Genetic diversity and symbiotic efficiency of legume nodulating bacteria from different land use systems in Taita Taveta, Kenya
S. N, Mwangi
N. K, Karanja
J. H. P, Kahindi
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Populations of Legume Nodulating Bacteria (LNB) were assessed under glasshouse conditions from soils collected in Taita Taveta district, Kenya from various landuse systems. The populations were estimated by the most-probable-number (MPN) plant infection technique using Macroptilium atropurpureum (DC.) Urban (siratro) as the trap plant. The LNB populations varied from 1.1 × 10 to 6.1 × 106 cells g-1 of soil. There was apparent landuse effect on abundance of LNB with maize-bean cropping system and Shrubland giving high population estimates. Two thousand isolates of LNB were obtained from the nodules of siratro trap plant. These isolates were characterized on yeast extract mannitol mineral salts agar (YEMA) media containing bromothymol blue and two distinct rhizobia growth rate types were identified: fast growers (acid-producing) at 78.6% while slow growers (alkali-producing) comprised 21.4%. Symbiotic effectiveness of a selected number of the isolates ranged from 6.7% to 96.4% and no clear influence of landuse was observed. RFLP of amplified 16S rRNA genes of isolates with HaeIII and TaqI grouped the isolates into seven ribotypes and partial sequencing of 16S rRNA genes of isolates representative of the ribotypes further grouped the isolates into six genera namely; Sinorhizobium, Bradyrhizobium, Herbaspirillum, Agrobacterium, Rhizobium and Burkholderia. Landuse type was found to significantly influence the diversity of LNB (P<0.05). The highest LNB richness of five genera was found in indigenous forest soils. While fallow/shrubland and maize based system had a total richness of four genera. Each of the remaining landuses had LNB total richness of two. Key words: Diversity; indigenous LNB; landuse systems; most-probable-number (MPN); Symbiotic effectiveness; RFLP, Macroptilium atropurpureum (Siratro).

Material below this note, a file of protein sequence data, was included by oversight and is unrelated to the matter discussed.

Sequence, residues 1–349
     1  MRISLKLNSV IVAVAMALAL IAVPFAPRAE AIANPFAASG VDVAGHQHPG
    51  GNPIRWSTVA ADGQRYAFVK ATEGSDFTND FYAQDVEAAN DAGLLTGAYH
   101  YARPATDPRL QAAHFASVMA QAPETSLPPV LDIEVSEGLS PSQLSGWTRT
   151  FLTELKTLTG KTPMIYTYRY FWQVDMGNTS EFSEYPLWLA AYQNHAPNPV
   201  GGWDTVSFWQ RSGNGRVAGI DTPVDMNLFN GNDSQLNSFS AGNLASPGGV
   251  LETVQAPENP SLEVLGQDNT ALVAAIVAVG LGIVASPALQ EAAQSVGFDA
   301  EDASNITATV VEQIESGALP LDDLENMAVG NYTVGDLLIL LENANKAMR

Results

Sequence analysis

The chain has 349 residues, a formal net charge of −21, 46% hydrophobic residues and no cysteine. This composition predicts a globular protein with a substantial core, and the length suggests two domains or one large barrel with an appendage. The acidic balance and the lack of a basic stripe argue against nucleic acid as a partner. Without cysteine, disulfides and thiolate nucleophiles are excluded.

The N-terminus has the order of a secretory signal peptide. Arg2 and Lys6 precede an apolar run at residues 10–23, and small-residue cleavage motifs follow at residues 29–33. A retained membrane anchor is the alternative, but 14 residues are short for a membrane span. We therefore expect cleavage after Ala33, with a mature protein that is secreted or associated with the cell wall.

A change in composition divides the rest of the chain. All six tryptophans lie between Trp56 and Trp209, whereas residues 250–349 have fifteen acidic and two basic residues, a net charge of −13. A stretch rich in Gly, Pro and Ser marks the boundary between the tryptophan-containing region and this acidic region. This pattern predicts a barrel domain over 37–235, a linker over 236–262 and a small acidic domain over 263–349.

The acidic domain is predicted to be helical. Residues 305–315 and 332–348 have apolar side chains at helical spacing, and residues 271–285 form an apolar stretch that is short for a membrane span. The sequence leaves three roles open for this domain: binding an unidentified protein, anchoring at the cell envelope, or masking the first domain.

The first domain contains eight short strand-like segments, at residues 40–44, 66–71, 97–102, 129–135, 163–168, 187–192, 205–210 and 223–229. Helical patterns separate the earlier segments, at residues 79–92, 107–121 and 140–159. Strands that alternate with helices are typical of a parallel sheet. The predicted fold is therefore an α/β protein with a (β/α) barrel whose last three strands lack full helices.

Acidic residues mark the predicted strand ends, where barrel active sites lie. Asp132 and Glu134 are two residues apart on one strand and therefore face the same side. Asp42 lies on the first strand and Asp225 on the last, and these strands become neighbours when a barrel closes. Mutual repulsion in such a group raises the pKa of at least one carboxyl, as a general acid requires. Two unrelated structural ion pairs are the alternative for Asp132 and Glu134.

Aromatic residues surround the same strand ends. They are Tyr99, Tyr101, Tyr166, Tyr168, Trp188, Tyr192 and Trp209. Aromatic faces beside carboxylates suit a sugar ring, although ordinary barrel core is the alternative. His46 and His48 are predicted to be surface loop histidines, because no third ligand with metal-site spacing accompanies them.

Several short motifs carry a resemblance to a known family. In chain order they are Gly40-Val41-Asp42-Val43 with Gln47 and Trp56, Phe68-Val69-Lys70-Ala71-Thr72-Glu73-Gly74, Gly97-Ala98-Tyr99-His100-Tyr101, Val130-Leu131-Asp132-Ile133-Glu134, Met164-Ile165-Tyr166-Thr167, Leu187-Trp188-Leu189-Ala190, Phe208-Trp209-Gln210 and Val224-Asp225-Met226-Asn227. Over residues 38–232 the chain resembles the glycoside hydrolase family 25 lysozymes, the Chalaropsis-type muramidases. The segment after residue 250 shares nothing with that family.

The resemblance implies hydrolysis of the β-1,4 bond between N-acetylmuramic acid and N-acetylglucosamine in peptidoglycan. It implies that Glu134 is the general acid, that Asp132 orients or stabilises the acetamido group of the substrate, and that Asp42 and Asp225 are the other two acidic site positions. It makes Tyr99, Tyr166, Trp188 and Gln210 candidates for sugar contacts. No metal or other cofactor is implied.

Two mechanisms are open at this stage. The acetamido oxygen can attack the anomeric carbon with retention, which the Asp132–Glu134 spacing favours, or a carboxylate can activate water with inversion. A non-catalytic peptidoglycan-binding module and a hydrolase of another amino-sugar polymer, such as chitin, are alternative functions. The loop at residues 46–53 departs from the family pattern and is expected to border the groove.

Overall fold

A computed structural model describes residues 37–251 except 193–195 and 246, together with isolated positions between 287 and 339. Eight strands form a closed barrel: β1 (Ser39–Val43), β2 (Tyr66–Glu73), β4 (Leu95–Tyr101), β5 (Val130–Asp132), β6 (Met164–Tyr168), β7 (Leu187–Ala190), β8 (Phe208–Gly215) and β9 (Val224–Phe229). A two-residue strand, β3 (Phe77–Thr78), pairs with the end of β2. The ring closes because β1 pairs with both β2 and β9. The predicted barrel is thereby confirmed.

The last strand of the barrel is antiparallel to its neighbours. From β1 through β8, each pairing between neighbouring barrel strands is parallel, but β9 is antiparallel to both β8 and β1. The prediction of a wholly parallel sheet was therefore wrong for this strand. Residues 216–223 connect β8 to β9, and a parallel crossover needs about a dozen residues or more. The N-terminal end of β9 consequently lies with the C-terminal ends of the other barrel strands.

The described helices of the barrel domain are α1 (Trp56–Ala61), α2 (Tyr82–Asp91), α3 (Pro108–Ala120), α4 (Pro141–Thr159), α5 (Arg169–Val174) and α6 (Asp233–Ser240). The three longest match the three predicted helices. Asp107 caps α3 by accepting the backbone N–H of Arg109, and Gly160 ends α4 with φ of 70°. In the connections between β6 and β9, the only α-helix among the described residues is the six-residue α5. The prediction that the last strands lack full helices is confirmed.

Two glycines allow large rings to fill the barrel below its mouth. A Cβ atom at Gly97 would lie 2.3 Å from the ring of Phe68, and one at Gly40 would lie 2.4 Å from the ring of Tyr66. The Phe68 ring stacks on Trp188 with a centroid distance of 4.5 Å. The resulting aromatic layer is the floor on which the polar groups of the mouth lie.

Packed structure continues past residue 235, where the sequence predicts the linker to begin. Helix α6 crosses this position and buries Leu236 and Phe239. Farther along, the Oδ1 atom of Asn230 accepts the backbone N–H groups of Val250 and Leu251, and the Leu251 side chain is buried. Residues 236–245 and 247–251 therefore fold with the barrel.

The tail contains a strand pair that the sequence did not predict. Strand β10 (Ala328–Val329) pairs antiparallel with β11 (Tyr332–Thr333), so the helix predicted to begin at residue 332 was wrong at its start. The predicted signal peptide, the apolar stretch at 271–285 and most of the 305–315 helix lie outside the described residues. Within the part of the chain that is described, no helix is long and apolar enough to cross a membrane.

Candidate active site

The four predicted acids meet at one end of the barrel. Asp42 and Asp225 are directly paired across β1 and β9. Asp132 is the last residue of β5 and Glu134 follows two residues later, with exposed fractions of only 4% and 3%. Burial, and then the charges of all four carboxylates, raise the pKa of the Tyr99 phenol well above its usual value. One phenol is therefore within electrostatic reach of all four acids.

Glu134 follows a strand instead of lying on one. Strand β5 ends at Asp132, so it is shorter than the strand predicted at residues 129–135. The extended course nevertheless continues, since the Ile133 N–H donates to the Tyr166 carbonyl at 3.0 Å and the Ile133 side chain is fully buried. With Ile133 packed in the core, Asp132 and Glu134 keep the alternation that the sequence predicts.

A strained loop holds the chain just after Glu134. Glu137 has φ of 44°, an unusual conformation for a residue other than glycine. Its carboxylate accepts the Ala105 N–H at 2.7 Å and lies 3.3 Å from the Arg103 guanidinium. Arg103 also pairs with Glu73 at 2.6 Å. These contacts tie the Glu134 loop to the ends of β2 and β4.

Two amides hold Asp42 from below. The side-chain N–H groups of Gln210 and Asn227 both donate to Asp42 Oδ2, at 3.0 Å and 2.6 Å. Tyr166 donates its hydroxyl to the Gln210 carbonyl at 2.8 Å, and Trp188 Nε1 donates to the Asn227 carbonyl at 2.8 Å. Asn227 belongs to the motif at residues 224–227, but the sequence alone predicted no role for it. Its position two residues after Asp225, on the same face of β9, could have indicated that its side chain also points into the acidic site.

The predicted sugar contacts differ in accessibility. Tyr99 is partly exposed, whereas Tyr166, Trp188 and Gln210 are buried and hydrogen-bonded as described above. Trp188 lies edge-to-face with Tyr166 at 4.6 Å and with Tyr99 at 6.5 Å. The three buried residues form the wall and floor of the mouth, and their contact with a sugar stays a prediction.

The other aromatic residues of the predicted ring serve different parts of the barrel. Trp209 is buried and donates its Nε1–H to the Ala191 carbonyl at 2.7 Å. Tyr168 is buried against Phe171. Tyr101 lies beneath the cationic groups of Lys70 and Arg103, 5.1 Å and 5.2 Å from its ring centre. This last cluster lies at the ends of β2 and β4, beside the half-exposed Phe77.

CitationTropical and Subtropical Agroecosystems, 13 (2011): 109 - 118
Jomo Kenyatta University of Agriculture and Technology,United States International UniversityDepartment of Land Resource Management and Agricultural Technologies,University of Nairobi and World Agroforestry Centre (ICRAF)Kenya Forestry Research Institute